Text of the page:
Peter Kinzing

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Peter Kinzing (1745–1816) was a noted German Mennonite clock maker.

Kinzing was born in Neuwied, Germany, and is supposed to have made his first pendulum clock at the age of ten. He began work with the German ébéniste David Roentgen circa 1770; Roentgen made the cases, and Kinzing produced the complicated mechanisms with automatic musical instruments, especially organs und dulcimers, a few carillons are also known of. In 1785 both were honored with titles from the French monarchy. Kinzing was called horloger de la reine (Clockmaker to the Queen). Around 1785 Kinzing produced a series of longcase regulators with dials according to the plans of Benjamin Franklin, whom Kinzing and Roentgen probably became acquainted with in Paris. These clocks were housed in obelisk cases made by the Roentgen workshops. They were sold mainly to principalities in Central Europe. In Europe the clocks are called Franklin clocks. The quintessence of Kinzing's mechanical musical clocks was the series of so-called Apollo clocks. A superb example of an Apollo clock is to be found in the Roentgen Museum Neuwied Germany. Peter Kinzing is also known to have produced at least 2 equation month going regulators also in obelisk case, one of which is still situated in the Leipzig town hall. Kinzing was among the first German clockmakers to make precision regulators with equation movements in the contemporary French style.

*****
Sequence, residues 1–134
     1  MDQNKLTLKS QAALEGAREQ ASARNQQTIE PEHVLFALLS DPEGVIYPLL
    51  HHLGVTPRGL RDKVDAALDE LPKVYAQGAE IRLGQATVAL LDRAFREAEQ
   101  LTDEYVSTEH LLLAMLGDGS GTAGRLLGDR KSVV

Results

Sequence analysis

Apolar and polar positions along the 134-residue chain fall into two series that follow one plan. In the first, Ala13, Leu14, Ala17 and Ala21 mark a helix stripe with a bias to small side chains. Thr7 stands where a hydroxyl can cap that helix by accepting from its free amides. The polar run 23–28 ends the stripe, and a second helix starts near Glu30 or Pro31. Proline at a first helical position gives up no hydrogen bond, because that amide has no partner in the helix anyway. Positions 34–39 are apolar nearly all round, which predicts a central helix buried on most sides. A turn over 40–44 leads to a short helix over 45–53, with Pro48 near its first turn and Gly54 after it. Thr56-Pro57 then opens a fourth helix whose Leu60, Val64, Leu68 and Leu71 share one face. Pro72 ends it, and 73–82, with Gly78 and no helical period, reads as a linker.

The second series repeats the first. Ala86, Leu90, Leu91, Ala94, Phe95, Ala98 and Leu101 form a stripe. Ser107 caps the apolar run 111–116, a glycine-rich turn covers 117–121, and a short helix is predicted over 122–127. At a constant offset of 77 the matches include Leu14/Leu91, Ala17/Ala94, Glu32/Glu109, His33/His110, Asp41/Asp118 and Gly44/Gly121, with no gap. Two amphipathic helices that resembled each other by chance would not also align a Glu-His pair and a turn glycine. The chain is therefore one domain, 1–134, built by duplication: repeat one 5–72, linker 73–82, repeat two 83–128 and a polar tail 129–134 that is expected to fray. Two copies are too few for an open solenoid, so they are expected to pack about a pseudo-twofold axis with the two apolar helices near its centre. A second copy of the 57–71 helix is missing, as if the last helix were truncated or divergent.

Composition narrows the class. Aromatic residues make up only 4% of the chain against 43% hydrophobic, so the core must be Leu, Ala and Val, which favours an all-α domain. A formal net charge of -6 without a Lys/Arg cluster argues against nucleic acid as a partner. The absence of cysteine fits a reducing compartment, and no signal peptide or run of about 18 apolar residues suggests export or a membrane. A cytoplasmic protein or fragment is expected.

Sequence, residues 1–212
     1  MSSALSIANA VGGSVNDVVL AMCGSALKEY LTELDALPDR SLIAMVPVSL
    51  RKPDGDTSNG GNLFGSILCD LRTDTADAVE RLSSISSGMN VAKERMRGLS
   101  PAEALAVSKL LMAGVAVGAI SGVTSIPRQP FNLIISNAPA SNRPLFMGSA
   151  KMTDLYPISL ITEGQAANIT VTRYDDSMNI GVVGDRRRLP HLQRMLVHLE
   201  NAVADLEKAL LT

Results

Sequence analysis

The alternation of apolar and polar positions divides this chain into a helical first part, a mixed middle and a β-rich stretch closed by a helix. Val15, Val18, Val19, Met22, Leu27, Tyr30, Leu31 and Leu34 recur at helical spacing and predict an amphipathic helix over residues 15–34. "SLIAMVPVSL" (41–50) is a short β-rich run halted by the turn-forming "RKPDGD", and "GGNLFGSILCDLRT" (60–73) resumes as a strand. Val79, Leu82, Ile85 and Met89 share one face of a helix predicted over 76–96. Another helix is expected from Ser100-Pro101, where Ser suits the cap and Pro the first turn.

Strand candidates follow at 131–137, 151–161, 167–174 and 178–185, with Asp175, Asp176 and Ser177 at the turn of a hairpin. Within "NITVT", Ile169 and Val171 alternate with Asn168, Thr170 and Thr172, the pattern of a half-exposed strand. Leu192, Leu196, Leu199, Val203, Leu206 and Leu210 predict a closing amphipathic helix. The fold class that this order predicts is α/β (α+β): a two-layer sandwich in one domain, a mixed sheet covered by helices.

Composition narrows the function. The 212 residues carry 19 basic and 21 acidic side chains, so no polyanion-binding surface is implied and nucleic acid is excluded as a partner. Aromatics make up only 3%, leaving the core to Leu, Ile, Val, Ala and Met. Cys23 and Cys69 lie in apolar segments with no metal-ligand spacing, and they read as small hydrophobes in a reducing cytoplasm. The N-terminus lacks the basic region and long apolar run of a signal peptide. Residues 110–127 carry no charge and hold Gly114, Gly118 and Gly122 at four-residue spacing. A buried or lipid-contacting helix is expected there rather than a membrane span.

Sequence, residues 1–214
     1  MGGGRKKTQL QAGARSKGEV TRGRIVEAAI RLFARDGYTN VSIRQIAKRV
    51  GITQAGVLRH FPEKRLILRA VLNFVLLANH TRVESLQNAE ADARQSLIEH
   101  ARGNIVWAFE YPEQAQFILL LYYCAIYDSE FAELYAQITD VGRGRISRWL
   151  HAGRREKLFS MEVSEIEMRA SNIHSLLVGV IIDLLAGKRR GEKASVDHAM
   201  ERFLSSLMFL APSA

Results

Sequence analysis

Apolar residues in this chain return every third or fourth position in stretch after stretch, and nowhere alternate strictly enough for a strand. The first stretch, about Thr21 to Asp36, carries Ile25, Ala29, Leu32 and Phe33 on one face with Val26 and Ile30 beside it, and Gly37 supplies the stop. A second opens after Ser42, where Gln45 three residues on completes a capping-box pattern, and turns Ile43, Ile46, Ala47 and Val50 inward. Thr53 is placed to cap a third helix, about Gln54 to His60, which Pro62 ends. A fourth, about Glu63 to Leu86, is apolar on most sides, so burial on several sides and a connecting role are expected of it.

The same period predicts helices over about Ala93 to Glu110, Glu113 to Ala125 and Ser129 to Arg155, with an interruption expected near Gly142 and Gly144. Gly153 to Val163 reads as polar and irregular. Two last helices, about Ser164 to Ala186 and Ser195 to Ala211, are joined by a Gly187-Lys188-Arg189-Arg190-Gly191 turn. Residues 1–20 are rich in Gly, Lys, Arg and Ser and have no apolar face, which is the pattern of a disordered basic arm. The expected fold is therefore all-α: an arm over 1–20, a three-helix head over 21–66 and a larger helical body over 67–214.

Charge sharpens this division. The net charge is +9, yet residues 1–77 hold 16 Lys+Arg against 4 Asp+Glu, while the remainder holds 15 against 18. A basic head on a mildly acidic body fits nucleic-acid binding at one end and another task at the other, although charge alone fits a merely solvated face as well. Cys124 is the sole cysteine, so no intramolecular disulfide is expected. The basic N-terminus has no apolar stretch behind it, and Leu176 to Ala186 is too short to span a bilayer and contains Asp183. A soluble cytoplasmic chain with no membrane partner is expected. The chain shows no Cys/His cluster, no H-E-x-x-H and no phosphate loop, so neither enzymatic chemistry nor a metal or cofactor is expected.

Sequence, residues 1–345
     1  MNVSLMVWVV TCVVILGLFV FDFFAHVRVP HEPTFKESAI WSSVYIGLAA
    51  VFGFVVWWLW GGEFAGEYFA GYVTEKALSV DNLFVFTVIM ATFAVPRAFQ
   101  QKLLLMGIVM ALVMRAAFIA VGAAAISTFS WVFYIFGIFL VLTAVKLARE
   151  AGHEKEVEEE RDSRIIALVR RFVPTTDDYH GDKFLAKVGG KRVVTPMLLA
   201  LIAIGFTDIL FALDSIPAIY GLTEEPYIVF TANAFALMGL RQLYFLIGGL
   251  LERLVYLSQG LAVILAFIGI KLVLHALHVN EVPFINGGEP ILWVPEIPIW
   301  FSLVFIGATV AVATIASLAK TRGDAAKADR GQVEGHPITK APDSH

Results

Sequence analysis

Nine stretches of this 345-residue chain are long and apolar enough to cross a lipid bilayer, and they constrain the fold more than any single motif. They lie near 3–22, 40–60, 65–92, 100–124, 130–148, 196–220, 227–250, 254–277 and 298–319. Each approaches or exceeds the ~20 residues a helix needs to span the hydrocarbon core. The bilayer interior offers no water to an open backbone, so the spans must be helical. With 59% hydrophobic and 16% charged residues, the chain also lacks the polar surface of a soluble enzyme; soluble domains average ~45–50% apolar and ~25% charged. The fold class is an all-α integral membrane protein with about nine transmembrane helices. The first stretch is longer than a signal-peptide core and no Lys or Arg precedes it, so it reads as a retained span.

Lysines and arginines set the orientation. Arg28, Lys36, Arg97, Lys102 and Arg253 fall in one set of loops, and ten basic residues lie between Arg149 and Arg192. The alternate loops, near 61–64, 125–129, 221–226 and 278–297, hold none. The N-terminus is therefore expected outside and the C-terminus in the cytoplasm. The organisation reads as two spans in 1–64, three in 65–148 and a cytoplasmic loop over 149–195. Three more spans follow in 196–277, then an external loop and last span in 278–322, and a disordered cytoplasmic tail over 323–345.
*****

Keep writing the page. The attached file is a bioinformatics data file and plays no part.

Kinzing died in 1816 in Mannheim, Germany.

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